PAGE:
We should worry when public servants also engage in ‘spin’.

A delay in Muskrat Falls robs the project of cash flow every day commissioning is delayed, depriving the Company of revenue that can be applied to interest and other costs.  

Nalcor, like any other business, must capitalize ‘interest during construction’ (IDC). It is a cost feature of the Project - no different than labour and materials.  In Nalcor's case, the additional cost is recaptured via your power bills. 

In that connection Martin failed to note he has not disclosed the Power Purchase Agreement (PPA) which will determine the power rate you will be charged to pay off the cost of Muskrat Falls.  That means the PPA can still be changed at any time.

What is more, a 1 year delay seems now to be a best case scenario.   The same Professional Engineer who reviewed these delay costs suggests a more likely completion date is early 2019. 
Ed Martin is not alone in the 'spin' department.  He is joined by Natural Resources Minister Derrick Dalley.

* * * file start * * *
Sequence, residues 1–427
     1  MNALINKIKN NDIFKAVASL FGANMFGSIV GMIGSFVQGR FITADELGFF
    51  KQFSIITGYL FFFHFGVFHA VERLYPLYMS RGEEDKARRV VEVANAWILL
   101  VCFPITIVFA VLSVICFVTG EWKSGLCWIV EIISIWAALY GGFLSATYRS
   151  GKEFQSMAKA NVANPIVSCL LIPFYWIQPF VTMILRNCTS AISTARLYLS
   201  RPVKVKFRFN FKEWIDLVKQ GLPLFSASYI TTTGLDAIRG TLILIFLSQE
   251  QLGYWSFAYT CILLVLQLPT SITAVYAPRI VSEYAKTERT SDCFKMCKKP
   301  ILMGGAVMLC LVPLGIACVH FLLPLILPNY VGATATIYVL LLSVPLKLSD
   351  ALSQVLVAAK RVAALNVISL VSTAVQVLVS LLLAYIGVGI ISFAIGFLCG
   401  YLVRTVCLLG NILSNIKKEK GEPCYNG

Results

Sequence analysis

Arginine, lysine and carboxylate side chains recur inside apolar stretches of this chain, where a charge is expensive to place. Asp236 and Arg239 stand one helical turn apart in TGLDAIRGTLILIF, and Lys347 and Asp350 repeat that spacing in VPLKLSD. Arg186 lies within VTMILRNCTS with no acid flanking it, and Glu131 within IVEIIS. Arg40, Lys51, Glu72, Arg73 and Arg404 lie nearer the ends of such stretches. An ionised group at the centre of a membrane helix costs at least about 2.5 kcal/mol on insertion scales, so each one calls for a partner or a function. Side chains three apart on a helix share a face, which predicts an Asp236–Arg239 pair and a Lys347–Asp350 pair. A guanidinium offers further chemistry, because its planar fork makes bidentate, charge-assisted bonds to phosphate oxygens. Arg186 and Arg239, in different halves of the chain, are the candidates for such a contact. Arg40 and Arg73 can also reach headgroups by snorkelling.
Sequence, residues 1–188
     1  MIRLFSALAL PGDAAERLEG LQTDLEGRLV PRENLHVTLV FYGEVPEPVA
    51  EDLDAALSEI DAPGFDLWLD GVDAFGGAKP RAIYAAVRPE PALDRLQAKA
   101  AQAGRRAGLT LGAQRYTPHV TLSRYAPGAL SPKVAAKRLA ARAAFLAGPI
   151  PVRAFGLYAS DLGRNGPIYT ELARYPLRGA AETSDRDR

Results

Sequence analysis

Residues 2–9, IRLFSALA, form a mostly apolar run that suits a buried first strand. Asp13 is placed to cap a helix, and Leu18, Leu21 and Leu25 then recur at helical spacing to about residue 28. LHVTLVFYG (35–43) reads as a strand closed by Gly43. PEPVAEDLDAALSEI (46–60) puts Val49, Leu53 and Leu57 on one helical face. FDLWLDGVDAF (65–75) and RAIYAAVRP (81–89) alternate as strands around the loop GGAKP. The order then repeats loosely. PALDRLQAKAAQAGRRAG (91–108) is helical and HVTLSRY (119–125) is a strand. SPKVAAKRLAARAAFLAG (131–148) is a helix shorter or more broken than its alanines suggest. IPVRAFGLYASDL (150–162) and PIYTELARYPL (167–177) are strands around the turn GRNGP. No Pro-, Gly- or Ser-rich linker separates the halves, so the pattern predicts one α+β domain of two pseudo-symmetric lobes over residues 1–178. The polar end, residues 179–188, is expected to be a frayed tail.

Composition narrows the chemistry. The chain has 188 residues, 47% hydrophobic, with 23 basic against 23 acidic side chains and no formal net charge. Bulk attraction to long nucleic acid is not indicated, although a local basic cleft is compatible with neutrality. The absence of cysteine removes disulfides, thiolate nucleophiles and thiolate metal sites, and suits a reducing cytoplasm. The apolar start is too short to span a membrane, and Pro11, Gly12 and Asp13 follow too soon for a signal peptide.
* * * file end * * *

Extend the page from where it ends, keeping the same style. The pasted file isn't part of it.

The Minister stated Nalcor has no liability to pay penalties for failing to supply the Maritime Block until Muskrat’s completion. He omits the fact that all such contracts contain a "time is of the essence" clause“.  This is a statement of warning to the contracting parties that performance is expected within the proscribed period of time failing which damages may be claimed by the injured party.
Emera will not be prepared to sit for long on its $1.5 billion investment in the Maritime Link without compensation.  It is possible that Emera is behind schedule, too.  But, don’t expect full disclosure, on these issues, until a general election is out of the way.